PARIS, France, July 12,
2004, Ranvir Nayar, Indo-Asian News Service (IANS): India
has maintained its tough stance on not sacrificing the livelihood
of its 600 million farmers at discussions here to kick-start negotiations
at the World Trade Organization (WTO).
Indian Commerce Minister Kamal Nath, who was here to take part
in a pre-WTO discussion hosted by Brazil, said there had not been
any change in India's position on WTO issues despite a change of
government in Delhi.
Trade representatives from Australia, the European Union and the
US also attended the discussions.
Kamal Nath said India would continue to defend the interests of
its small and marginal farmers who depend on agriculture for their
"This is not about commercial agriculture and not about profits,
but about the livelihood of our farmers," Nath told IANS.
Analysts here said India's position on farming negotiations may
have only hardened since the Congress-led United Progressive Alliance
government has assumed power. They pointed out it had won mainly
on the rural vote and the government could not afford to be seen
as sacrificing the interests of its main constituency barely two
months after coming to power.
Kamal Nath later met French Trade Minister Francois Loos and held
discussions on bilateral trade and the way to boost relations. He
left for the Mauritian capital of Port Louis to take part in the
G-20 group meeting on WTO Monday-Tuesday.
The five countries that attended the Paris conclave constitute
the agriculture working group that has been given a tough mandate
by WTO secretary general Supachai Panitchpakdi for breaking the
deadlock over agriculture to take the negotiations ahead.
The last ministerial conference of WTO members collapsed in Cancun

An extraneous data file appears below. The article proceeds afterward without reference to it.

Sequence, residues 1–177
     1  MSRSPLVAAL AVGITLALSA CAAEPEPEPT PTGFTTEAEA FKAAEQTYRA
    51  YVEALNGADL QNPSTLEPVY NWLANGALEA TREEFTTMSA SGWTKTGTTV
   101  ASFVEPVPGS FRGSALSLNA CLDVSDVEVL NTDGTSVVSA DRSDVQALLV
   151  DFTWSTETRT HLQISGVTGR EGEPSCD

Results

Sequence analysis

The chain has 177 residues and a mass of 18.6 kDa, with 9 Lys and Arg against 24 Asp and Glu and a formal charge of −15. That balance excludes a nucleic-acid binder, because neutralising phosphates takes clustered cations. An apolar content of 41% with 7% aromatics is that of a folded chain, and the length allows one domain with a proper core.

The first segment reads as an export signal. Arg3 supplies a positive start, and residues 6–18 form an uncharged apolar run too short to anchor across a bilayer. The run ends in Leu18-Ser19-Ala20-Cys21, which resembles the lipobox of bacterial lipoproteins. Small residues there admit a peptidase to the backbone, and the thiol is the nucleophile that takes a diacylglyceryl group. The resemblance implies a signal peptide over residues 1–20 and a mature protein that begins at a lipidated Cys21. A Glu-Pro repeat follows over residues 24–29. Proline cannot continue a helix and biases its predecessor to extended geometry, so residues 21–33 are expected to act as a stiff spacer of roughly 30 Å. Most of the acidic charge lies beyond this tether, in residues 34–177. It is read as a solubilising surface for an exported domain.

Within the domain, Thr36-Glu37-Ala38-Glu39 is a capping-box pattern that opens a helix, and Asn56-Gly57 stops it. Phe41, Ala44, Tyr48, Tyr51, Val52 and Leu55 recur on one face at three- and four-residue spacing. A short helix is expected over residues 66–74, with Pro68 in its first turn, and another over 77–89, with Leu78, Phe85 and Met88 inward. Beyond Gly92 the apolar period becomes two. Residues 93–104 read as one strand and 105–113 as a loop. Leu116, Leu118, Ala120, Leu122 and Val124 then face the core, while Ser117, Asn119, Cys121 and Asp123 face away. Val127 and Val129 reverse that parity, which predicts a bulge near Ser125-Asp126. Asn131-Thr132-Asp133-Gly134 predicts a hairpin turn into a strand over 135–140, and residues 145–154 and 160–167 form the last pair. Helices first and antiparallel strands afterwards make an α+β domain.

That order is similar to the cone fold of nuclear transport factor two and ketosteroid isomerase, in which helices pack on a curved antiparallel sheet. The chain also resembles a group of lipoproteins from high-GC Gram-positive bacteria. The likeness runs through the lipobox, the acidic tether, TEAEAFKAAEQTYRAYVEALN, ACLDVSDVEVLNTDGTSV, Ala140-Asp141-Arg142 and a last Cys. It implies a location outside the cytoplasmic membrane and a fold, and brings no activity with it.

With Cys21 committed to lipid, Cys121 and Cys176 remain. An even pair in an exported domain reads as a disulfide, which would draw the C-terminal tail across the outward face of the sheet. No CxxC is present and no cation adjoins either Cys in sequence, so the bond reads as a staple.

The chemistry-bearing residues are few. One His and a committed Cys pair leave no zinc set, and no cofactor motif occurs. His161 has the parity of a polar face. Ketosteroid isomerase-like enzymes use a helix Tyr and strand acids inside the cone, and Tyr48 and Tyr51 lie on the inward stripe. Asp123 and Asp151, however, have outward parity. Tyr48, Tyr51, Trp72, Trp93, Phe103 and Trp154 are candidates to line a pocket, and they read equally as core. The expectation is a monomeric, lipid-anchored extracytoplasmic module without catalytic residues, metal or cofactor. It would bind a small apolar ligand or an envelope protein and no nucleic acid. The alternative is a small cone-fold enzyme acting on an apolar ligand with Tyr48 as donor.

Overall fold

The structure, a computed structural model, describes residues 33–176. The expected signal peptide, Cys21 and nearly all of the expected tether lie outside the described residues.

last year following the European Union's refusal to end its export
subsidies and to open the market for imports from the developing
Since then, the leading players of the WTO, including India, have
been trying to get the negotiations going. The Paris discussions
were part of this effort.
However, though this is the third time that the five countries
are meeting, there does not seem to have been much progress, with
each of the five ministers contenting themselves in referring to
the Paris meeting as "useful".
European Union trade commissioner Pascal Lamy hinted at the level
of differences between the members of the group, saying much work
remained ahead if there was to be any agreement to revive the Doha
US trade representative Robert B. Zoellick said though there were
convergences and potentialities for convergence, the challenge for
the group remained immense. "However, the fact that we decided
to meet itself proves our commitment to find a resolution to these
issues," he said.
Brazilian Trade Minister Luis Fernando Furlan, who hosted the meeting,
said the Paris meeting was not the final, but only part of a process.
He, however, skipped a question on whether the group would be able
to meet the deadline of reaching an agreement before the end of
July in order to have a proposal at the Geneva gathering of WTO